We used to have two beautiful factories including a tulip garden in Kashmir. With militancy these had closed down. With the #Article370 revoked, I expect investments to return and the saying come back true “If there is heaven on earth, it is here, it is here, it is here”.
— Harsh Goenka (@hvgoenka) August 5, 2019
Movement of professionals
Restrictions stemming from Article 35A provide a host of government-sanctioned benefits to the state’s ‘permanent residents’. While there are a number of exceptions, these broadly pertain to admission to government-owned educational institutions and government jobs.
Jaitley’s argument is that experienced professionals and investors would not want to move to J&K, because their children would be discriminated against: “their wards cannot get government jobs or admission to colleges”.
He also goes on to argue that these restrictions have prevented academics and doctors from wanting to move to J&K. “Engineering colleges and hospitals, including super-speciality facility set up by Central Government in Jammu are lying under-utilised or unutilised since Professors and Doctors from outside are unwilling to go there.”
The underlying argument is sound – an inability to attract skilled labour is obviously detrimental to a state’s economy. If working professionals don’t find a region attractive to live and raise a family, they are unlikely to migrate there for work.
On the other hand, the problem is that it’s difficult to assume that J&K would have automatically played host to major industrial clusters if Article 35A had been scrapped earlier. The wide array of factors that went into making Bangalore, Hyderabad and Gurgaon a hub for Indian IT companies – and not say Kochi, Ahmedabad or Kolkata – cannot be boiled down to a single attribute.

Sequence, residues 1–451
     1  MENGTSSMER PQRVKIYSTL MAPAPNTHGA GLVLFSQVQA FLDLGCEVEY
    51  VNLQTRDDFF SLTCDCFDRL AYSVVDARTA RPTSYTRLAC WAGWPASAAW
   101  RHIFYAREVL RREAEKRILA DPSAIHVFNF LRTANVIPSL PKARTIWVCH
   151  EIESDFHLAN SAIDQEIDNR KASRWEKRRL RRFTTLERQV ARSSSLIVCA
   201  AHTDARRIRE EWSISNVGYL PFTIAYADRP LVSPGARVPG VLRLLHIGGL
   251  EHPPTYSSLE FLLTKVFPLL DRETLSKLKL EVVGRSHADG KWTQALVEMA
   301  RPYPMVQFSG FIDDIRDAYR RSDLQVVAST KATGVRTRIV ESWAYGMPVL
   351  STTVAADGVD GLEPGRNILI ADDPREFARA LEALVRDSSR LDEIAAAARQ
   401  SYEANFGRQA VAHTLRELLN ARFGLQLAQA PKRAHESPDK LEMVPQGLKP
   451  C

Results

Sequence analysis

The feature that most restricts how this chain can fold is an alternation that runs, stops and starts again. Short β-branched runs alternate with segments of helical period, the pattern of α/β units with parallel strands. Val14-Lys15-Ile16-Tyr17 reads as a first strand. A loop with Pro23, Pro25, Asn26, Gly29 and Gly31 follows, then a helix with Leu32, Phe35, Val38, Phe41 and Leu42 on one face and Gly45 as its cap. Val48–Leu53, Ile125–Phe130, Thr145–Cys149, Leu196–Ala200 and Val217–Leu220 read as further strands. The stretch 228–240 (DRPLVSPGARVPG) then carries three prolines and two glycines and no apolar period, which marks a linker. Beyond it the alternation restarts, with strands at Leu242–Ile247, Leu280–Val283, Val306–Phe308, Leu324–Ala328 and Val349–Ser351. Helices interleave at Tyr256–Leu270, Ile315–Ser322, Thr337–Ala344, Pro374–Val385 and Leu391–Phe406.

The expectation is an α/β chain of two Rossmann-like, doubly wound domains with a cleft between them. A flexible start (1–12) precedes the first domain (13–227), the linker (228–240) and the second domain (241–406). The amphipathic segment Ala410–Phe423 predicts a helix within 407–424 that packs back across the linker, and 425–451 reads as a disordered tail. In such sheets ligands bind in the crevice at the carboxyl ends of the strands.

And always, the threat of terrorist attacks is an always present factor: what high-skilled professional would want to move to J&K if she didn’t feel it was safe?
On the former finance minister’s point of not being able to fill vacancies in major hospitals, it is true that J&K has among the lowest doctor-patient ratios in the country. But doctors and academics around the world are reluctant to work in conflict-ridden zones like Kashmir and it would be difficult to chalk it all up to Article 35A.
There is however plenty of evidence to show that Dalit groups (Valmikis) who live and work in J&K are being discriminated against in part due to Article 35A.
Larger economic factors
The economic crisis in Jammu and Kashmir cannot be delinked from the unrest and civil strife in the Kashmir valley, which takes a heavy toll on the state’s economic interest.
J&K’s own Economic Survey estimates that protests and violence over a five-month period of July 2016 to November 2016 caused economic loss worth Rs 16,000 crore. The survey brutally examines how economic activity in various industries come to a standstill, helped along by internet bans, during times of violence and terrorist attacks.
In addition to this, the problems that hinder other states in attracting private investment also equally apply to J&K. In 2016, the World Bank’s assessment of state implementation of business reforms slammed the northern state, scoring it as one of the worst performers with a rank of 29 out of 32 states and union territories. While it has moved up slightly in the last few years, progress on fundamental metrics such as electricity and taxation is still lagging.
The Narendra Modi government is currently planning a massive investor summit in J&K in October 2019. Industry associations have already come out with their praise, with both the Confederation of Indian Industry (CII) and Assocham noting that the removal of Article 370 and Article 35A will spur private investment.
A more holistic examination of J&K’s economy and its inability to generate greater employment, however, shows that Article 35A is just one factor among many and certainly not a silver bullet.